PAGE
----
The units for OMEGA are Pa/s. Only in the metadata for the 3d_asm_Cp products are the units for omega erroneously listed as Pa/day.
We are aware of noise in height fields in GEOS-5 products, including MERRA. They are arise from orographic gravity waves in the model because we are not filtering the topography. Because of the association with topography, the features are present even in monthly means. They are not a result of the analysis.
To our knowledge, they are merely an annoyance and do not affect the quality of the product otherwise. We suggest smoothing before diagnostic analysis, especially if taking derivatives.
An alternative would be to use the fields from the coarser resolution products (inst3_3d_asm_Cp (288x144)) rather than those on the native grid. The coarser resolution products bin the data from the native grid and so smooth out fields with 2 delta_x noise.
The SPEED variable is the wind speed used for computing turbulent surface fluxes. It is the magnitude of the 2D wind at the top of the surface layer plus a gustiness term based on a diagnosed vertical velocity scale plus a ventilation term related to precipitation. The definition of SPEED is valid for the MERRA data, but has changed in subsequent versions of the GEOS5 data assimilation system.
If you are looking for the horizontal wind speed at the surface you will likely be better served by downloading the two meter wind speeds ( u2m and v2m ).
The choice for a more complete derivation and discussion is a micrometeorology text book, for example, "Boundary Layer Meteorology" by Roland Stull.
Briefly, elements of the Earth's surface, grass, shrubs, crops, trees and buildings, all cause some friction and perturbation to the wind profile. The displacement height (or depth, or zero-plan displacement) accounts for their effect in the calculation of the surface layer log wind profile. The displacement height is the height at which the log wind profile projects the wind to be zero for purposes of computing the surface later turbulent fluxes. At heights less than displacement, different physical processes and theory take over from the log profile methods. For practical purposes, MERRA 2m and 10m output are intended to compare with screen level meteorology stations.
MERRA uses a prescribed annual cycle climatology of aerosols. The aerosol data is described here:
Colarco, P., A. da Silva, M. Chin and T. Diehl, 2009: Online simulations of global aerosol distributions in the NASA GEOS-4 model and comparisons to satellite and ground-based aerosol optical depth. J. Geophys. Res., 115, D14207, doi:10.1029/2009JD012820.
The MERRA-Land data product provides an improved set of land surface hydrological fields. Its "mld" collection of time-varying land surface fields is designed to include all fields that are present in the standard MERRA "lnd" collection and a few additional fields of interest for land surface research and applications, notably: (i) the 6-layer soil temperature profile; (ii) the gridded land surface temperature, and (iii) the gridded soil moisture in volumetric units (m3 m-3) as well as in dimensionless units of degree of saturation (or wetness), including the total profile soil moisture. Additional details can be found in the MERRA-Land documentation.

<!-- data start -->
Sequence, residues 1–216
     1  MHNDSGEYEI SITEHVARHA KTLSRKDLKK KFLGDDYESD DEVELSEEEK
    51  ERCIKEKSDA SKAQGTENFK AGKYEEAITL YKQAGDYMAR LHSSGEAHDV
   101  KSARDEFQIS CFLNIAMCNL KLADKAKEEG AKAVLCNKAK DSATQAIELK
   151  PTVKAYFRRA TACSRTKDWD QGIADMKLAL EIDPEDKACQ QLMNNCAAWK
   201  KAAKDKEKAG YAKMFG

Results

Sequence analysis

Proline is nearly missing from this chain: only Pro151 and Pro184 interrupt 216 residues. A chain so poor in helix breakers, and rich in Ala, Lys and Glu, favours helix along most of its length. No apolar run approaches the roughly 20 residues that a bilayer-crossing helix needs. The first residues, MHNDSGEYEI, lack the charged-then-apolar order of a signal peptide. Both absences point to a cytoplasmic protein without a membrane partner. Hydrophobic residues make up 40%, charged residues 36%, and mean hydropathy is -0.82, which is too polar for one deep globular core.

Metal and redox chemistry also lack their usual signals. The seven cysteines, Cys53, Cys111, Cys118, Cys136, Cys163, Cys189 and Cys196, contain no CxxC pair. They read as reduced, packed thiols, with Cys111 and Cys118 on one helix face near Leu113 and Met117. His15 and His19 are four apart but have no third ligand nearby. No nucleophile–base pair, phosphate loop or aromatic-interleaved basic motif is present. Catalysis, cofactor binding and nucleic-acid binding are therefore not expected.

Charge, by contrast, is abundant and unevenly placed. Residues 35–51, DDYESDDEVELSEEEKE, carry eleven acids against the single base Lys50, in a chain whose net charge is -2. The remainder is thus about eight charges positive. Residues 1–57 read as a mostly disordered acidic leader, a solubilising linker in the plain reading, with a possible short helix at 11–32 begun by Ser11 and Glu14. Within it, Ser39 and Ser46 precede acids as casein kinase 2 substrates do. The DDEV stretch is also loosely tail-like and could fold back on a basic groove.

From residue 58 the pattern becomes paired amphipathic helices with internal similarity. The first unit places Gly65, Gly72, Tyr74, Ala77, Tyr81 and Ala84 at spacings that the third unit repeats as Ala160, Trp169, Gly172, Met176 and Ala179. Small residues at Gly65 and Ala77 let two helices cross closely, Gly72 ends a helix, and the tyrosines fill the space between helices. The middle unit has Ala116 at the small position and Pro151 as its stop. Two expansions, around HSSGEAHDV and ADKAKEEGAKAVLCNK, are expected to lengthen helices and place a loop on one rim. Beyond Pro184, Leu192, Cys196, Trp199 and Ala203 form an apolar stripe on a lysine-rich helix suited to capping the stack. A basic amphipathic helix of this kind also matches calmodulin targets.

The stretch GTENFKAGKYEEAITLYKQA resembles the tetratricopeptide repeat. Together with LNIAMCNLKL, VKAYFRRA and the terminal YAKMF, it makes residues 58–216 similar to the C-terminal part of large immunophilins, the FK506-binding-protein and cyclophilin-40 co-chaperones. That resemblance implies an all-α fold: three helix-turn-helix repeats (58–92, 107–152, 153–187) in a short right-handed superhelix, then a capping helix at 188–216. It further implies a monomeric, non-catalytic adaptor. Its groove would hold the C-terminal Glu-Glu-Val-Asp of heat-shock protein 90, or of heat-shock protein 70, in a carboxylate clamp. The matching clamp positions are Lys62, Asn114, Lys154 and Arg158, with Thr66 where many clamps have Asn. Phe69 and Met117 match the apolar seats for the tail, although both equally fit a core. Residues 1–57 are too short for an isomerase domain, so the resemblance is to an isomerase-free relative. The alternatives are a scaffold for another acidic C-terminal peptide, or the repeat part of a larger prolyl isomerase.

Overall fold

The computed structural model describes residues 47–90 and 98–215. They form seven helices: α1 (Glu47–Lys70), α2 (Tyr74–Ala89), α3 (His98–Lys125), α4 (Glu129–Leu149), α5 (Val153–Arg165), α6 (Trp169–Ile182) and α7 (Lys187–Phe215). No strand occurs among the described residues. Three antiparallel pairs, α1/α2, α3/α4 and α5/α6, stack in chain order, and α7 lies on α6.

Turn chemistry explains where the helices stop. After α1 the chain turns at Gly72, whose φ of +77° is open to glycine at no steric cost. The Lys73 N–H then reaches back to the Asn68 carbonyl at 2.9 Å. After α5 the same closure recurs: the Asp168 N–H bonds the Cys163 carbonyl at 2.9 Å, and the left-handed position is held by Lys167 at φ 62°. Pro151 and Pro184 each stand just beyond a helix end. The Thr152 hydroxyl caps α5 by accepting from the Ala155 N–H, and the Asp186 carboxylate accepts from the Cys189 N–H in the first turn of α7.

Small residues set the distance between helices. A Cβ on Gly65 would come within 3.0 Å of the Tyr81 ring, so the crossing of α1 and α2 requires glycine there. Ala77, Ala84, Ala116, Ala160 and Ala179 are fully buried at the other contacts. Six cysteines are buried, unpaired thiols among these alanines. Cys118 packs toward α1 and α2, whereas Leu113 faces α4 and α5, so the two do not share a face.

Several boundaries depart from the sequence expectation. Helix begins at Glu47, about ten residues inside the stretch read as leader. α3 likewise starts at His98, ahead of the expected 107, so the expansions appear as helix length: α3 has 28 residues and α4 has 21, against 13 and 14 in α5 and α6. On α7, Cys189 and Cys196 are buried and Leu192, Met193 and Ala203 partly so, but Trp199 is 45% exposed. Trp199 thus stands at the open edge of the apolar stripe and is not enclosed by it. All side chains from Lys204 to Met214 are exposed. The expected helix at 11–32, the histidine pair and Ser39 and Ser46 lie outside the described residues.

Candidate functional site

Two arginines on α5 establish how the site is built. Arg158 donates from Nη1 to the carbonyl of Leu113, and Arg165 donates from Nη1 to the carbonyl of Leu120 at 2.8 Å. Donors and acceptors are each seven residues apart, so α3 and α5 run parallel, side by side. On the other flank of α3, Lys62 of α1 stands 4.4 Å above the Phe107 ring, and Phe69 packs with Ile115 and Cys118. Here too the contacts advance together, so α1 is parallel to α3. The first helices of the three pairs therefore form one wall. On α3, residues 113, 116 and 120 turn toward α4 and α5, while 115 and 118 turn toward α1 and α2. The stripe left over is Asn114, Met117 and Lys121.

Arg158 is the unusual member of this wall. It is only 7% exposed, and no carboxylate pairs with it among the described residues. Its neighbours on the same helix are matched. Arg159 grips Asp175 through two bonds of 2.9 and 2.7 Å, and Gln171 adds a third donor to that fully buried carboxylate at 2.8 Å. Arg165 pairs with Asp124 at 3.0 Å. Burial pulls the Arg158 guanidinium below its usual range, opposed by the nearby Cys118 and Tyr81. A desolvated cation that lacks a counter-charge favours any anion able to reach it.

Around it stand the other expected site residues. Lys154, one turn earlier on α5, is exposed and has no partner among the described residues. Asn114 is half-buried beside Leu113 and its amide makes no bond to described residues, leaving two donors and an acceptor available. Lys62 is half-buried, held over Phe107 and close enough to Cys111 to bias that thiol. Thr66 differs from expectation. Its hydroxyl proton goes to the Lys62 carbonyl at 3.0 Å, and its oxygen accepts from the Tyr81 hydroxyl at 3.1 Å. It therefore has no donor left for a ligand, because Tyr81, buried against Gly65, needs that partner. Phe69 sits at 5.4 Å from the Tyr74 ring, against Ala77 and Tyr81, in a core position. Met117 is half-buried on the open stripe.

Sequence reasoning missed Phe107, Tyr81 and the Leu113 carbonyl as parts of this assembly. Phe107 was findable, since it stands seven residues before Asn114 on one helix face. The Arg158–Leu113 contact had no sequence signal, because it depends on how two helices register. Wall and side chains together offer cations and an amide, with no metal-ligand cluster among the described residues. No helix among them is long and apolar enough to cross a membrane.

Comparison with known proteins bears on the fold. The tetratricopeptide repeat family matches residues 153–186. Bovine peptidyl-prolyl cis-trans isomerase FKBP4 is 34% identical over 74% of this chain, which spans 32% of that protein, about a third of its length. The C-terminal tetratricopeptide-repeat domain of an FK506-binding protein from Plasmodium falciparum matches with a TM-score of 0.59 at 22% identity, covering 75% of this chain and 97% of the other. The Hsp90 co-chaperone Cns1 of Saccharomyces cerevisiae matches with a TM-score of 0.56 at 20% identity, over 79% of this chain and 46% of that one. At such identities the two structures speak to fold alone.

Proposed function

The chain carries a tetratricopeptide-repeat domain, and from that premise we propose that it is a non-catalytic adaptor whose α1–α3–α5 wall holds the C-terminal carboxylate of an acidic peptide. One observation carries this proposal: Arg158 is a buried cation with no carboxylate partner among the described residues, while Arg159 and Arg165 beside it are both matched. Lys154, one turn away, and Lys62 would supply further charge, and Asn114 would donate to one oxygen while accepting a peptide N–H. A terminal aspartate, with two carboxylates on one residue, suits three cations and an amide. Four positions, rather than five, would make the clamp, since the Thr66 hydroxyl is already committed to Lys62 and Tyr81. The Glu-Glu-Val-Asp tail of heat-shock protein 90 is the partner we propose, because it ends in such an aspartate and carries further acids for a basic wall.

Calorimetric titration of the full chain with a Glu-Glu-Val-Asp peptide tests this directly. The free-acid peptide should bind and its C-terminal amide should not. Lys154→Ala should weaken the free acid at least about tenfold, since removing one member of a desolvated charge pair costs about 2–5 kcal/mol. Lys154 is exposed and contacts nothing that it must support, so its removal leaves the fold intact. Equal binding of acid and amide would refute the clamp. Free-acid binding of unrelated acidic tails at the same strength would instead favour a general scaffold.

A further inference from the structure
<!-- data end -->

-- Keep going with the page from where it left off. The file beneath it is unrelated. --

On rare occasions, the top layer snow temperature diagnostic (TPSNOW) can exceed 273.16° K due to an error in the timing of its calculation. In the MERRA and MERRA-Land systems, TPSNOW is set to the tile average land surface temperature (TSURF) if snow is absent at the beginning of a time step and present at the end of the time step. This has a minimal impact on the system.
MERRA's total land water storage variable (TWLAND) occasionally contains negative values, typically in desert areas, because of a suboptimal reference baseline used for computing TWLAND from the Catchment model's soil moisture excess and deficit variables. The negative values are thus artifacts of the post-processing procedure; they in no way reflect on the realism of MERRA's simulation of hydrology. This has been changed in MERRA-Land. For details see Appendix C in the MERRA-Land Data Product documentation.
For the standard MERRA output (as distributed in the "lnd" file collection), soil moisture is in units of saturation (GWETTOP, GWETROOT) and *cannot* be converted into units of volumetric soil moisture [m3/m3].
GWETTOP and GWETROOT are provided on the 1/2-by-2/3 degree MERRA grid after aggregation from GEOS-5 tile space. Because there are generally different porosities across the tiles that make up a given grid cell, the unit conversion to m3/m3 is *not* possible.
Note that the MERRA-Land data product files ("mld" collection) provide soil moisture in grid space both in units of m3/m3 and in units of saturation.